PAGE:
Capcom Production Studio 4 / Grasshopper ManufacturePublisher:
M (Mature)Release Date:
Daniel Sims"I won't need six bullets for you..." Intro:
Back in 2002, Capcom presented a set of five new games that they would develop for the Nintendo Gamecube. One of which, seemed to be an odd yet interesting title by the name Killer 7. Ever since the game's first introduction, people have been wondered and speculated what exactly the game is all about and what exactly is going on with it. Now that the game has hit shelves it's becoming one of the most talked about games around. Just what really is going on with Killer7?
Before doing this review I'll say what anyone who reads a review should already know: that when you get right down to it reviews are really just the opinion of the writer. This is true and should be kept in mind when reading any review. However, because of the um... unique nature of this game, it has been talked about and talked about with many different opinions on it rising up. So the fact that any review is basically just opinion applies even more so in the case of this game. Many people have expressed many different opinions on this game, and this review simply expresses my own.Story:
In the year 1998, the nations of the world came together and formulated a plan for everlasting peace. In order to stop things such as terrorism, war, and other conflicts, air travel was abolished and all internet networking stations were shut down. And thus a new day dawned. It is now the year 2010, and a new threat has arrived. These "Smiling Faces", the Heaven Smiles created and commanded by one Kun Lan have begun to wreak havoc. To stop them, the United States (of somewhere else) has enlisted the services of Harman Smith and his alternate personalities: the Killer 7.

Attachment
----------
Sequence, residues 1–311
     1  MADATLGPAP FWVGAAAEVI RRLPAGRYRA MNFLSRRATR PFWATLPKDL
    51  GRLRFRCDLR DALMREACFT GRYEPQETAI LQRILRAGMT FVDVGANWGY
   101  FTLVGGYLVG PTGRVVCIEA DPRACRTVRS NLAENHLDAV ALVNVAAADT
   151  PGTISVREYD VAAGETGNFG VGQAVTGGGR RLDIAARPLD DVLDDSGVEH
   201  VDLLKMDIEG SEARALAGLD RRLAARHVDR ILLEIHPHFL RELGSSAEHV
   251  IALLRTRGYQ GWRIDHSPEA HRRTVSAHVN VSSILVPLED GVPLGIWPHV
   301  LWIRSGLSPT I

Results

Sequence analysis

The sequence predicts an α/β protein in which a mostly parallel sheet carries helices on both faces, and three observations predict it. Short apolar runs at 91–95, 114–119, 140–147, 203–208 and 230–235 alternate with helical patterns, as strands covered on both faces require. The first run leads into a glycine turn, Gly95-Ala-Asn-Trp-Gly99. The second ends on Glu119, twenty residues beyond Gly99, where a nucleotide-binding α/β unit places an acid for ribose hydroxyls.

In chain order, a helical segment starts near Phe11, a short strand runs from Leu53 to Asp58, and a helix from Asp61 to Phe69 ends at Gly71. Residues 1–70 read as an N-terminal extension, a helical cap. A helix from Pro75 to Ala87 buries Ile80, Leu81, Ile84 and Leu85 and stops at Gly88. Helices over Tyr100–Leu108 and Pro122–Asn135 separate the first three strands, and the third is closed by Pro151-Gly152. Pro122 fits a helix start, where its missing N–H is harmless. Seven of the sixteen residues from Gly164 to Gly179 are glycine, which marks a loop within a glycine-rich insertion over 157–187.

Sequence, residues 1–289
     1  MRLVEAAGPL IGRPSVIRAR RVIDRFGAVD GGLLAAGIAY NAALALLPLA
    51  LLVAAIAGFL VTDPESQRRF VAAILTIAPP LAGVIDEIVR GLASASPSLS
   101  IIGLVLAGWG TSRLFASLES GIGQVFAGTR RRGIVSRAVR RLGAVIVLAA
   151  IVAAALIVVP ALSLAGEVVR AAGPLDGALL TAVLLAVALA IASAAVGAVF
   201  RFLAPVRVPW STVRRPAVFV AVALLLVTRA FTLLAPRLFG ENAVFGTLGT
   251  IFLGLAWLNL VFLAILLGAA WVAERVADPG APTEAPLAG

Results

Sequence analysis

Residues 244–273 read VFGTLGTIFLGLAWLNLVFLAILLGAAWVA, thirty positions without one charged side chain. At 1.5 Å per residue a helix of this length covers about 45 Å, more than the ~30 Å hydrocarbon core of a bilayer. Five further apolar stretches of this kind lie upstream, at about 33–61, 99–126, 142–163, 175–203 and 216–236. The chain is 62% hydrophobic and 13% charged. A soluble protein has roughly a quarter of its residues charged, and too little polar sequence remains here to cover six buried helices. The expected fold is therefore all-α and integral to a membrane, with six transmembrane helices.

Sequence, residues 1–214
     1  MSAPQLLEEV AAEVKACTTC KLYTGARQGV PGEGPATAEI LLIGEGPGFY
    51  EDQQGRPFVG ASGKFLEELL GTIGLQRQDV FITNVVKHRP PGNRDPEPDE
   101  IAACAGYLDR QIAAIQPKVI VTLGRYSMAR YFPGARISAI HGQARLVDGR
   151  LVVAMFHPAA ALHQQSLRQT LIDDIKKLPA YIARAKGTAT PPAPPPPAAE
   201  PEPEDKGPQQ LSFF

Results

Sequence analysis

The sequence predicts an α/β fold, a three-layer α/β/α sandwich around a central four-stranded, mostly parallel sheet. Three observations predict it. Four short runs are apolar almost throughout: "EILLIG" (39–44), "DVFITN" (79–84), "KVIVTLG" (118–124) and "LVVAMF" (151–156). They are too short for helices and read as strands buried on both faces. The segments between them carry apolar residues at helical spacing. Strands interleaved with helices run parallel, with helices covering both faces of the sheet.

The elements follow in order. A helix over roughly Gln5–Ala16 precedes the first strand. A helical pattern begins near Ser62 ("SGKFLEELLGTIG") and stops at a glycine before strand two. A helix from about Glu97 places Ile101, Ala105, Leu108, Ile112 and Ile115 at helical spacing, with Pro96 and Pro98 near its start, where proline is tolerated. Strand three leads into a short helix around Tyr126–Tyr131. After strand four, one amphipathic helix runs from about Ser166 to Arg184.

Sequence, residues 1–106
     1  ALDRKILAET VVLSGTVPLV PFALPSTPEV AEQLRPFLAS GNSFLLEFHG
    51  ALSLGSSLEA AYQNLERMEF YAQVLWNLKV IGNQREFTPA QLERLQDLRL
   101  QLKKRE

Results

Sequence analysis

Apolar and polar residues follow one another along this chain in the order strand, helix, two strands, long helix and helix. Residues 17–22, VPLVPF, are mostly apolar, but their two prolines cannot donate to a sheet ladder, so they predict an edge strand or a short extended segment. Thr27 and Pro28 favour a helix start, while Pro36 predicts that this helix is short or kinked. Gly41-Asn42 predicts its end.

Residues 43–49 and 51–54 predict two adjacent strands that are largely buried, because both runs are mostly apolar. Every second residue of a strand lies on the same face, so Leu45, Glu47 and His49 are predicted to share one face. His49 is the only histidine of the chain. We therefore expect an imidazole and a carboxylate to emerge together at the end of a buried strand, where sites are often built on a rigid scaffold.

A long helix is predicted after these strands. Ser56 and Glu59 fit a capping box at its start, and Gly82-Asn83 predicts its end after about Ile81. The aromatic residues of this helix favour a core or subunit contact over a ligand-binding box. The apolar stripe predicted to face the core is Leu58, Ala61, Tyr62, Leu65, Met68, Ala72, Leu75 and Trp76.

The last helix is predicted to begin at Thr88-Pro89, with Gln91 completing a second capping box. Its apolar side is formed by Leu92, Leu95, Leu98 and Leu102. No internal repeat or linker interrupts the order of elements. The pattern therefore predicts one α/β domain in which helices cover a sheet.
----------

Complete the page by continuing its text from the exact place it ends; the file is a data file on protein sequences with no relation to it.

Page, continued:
The amazing storyline is definitely one of the main draws of Killer 7. From the minds of Shinji Mikami and Suda 51 we get a tale of assassins, government politics, and terrorism that at first seems like a simple job to stop a terrorist plot but soon spirals into a mad tale destruction and deception. This is a plot that involves almost everything. From cults to organized crime to political conflict this story just about has it all and knows virtually no boundaries in what it explores.